A new Healthy Communities tool is giving North Carolina community members, nonprofits, and government agencies free access to data and analytics tools to drive improvements in 21 key social determinants metrics.
The Healthy NC 2030 task force, led by the North Carolina Institute of Medicine and the North Carolina Department of Health and Human Services, brought together experts and leaders from multiple fields to develop a common set of public health indicators and targets for the state over the next decade. The full report, released in January of 2020, established a north star for localities and organizations to mobilize to accomplish North Carolina’s most pressing goals across housing, education, public health, and economic opportunity.
The effort is being spearheaded by the Cape Fear Collective, a nonprofit using data science techniques to gain insights, mobilizing private sector capital through impact investing programs, and supporting cross-sector collaboration towards equitable systemic change in Southeastern North Carolina. Its Healthy Communities NC Dashboard enables alignment of community data collection and analysis to the Healthy NC 2030 initiative in order to empower shared hypothesis generation, goal setting, and program measurement.
“Numerous studies indicate that medical care only accounts for around 20 percent of health outcomes with the balance attributable to social determinants of health (SDOH) such as income, physical and social environments, housing conditions, nutrition, transportation and working conditions,” said Tom Wroth, M.D., M.P.H., president and CEO of Community Care of North Carolina (CCNC), in a statement. “That’s why we are excited to join with the Cape Fear Collective and partners Novant Health and the Kate B. Reynolds Charitable Trust in supporting the creation of unique statewide tools to measure the local conditions impacting these critical social determinants of health. We hope to use this data to help us gain the necessary insights to improve patient health outcomes across the state.”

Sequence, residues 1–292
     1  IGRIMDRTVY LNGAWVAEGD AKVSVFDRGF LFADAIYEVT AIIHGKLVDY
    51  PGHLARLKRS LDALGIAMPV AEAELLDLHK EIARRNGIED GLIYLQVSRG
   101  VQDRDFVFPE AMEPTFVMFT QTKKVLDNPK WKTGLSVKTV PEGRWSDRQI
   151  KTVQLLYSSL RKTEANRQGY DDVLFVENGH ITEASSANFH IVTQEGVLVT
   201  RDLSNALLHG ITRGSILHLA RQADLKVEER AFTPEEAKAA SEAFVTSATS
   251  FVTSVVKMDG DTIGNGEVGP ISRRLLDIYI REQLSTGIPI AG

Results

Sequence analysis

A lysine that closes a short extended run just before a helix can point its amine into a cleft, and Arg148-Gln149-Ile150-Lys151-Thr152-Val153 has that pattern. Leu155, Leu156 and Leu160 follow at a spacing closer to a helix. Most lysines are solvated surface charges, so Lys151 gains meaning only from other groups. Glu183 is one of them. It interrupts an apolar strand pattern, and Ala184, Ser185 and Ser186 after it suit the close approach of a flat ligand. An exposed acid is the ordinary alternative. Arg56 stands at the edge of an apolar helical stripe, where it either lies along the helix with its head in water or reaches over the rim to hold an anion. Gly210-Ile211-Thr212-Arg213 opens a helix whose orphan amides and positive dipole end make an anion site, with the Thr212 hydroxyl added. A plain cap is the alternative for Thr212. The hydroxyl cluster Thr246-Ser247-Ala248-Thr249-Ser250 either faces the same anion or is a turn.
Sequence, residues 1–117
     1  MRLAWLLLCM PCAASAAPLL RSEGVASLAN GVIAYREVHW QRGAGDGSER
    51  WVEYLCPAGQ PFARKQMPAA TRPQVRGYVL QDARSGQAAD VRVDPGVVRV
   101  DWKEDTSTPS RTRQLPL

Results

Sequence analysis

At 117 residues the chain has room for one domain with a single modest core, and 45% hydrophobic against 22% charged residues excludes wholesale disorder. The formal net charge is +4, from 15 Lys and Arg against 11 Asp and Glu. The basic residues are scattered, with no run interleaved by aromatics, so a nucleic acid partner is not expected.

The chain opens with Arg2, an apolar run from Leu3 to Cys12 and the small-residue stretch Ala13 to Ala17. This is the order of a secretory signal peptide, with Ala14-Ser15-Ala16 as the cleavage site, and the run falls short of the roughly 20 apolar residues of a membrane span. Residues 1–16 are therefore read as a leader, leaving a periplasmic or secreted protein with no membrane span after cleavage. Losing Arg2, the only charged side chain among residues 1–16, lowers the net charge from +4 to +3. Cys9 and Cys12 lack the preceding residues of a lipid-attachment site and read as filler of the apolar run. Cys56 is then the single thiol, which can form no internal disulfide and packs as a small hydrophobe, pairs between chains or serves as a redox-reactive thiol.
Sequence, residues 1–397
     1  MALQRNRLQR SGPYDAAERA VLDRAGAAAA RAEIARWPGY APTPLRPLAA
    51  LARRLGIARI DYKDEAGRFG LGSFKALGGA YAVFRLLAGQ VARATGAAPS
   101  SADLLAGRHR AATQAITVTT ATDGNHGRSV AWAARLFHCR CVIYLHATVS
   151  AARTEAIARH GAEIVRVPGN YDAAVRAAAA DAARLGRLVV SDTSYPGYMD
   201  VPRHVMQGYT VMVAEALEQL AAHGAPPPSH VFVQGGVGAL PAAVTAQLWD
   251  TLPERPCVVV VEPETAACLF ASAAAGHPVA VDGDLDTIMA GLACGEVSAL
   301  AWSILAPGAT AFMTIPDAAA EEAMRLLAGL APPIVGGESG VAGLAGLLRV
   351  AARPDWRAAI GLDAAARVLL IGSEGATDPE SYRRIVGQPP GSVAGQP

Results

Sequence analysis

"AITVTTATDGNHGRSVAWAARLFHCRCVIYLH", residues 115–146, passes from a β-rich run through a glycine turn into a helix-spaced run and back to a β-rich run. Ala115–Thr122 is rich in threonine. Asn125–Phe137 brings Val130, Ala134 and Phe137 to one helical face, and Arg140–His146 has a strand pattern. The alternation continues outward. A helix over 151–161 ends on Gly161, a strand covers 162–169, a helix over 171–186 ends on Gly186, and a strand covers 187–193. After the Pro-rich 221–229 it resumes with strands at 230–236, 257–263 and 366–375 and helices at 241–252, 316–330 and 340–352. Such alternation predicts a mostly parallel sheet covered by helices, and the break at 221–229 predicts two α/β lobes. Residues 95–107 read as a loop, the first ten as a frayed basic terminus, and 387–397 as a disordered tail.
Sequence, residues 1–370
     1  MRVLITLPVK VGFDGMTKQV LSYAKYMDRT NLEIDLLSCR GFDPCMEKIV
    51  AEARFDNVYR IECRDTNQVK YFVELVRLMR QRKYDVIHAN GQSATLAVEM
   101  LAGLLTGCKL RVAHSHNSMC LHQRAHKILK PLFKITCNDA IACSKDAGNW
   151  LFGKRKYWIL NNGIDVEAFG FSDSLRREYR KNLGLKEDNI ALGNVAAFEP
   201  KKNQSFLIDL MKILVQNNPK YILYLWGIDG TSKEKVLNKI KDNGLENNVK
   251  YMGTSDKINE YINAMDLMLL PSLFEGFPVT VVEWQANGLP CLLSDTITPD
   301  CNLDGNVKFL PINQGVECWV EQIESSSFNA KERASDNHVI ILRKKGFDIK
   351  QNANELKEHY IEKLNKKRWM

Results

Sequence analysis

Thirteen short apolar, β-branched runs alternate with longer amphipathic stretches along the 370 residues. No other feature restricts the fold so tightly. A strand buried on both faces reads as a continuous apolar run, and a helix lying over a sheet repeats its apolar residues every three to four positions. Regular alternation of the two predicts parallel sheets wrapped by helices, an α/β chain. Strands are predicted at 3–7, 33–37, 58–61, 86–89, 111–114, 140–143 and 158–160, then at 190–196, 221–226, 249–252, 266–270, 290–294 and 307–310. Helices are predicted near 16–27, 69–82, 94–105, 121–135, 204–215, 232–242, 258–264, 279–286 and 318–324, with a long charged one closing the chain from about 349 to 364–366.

Raleigh-based Community Care of North Carolina’s staff members work with local primary care physicians and diverse teams of health professionals to develop whole-person plans of care that connect people to the right local resources.
The public database, accessible at https://healthycommunitiesnc.org/community-data provides neighborhood-level data, insights, and visualizations across all 100 counties and 2,195 census tracts in North Carolina.
“This tool provides insight into which neighborhoods and populations are experiencing health disparities, as well as whether we’re moving the needle on closing those gaps,” said Nicholas Pylypiw, director of data science for the Cape Fear Collective, in a statement. “Organizations are already leveraging this tool, easily dropping data and visualizations into their reports, presentations, and grant applications.”
“In addition to supporting the effort to build the data dashboard, we believe CCNC can help provide a natural laboratory to test possible health interventions that take social determinants of health into account,” added Wroth. “We partner closely with Community Care Physician Network, a statewide, clinically integrated network of more than 3,000 clinician at more than 900 locations across our state. This will provide opportunities to test pilot programs that leverage local information about SDOH factors to improve health outcomes. If we are to substantially improve North Carolina’s health rankings, SDOH factors simply must be addressed in more proactive terms. We hope CCNC can help provide some insights and practical ‘best practices’ that help providers boost the health of North Carolina’s population.”